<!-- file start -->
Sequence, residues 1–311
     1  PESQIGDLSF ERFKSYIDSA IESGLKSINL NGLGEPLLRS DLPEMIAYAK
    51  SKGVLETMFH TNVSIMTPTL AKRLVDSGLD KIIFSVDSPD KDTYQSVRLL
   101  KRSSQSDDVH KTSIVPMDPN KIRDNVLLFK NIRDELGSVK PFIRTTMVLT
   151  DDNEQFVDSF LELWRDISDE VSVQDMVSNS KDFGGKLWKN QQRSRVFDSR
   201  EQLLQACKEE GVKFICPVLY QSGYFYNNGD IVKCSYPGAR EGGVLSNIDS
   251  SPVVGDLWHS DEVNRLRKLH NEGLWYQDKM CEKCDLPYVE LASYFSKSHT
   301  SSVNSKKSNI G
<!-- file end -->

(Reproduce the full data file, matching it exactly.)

Sequence, residues 1–311
     1  PESQIGDLSF ERFKSYIDSA IESGLKSINL NGLGEPLLRS DLPEMIAYAK
    51  SKGVLETMFH TNVSIMTPTL AKRLVDSGLD KIIFSVDSPD KDTYQSVRLL
   101  KRSSQSDDVH KTSIVPMDPN KIRDNVLLFK NIRDELGSVK PFIRTTMVLT
   151  DDNEQFVDSF LELWRDISDE VSVQDMVSNS KDFGGKLWKN QQRSRVFDSR
   201  EQLLQACKEE GVKFICPVLY QSGYFYNNGD IVKCSYPGAR EGGVLSNIDS
   251  SPVVGDLWHS DEVNRLRKLH NEGLWYQDKM CEKCDLPYVE LASYFSKSHT
   301  SSVNSKKSNI G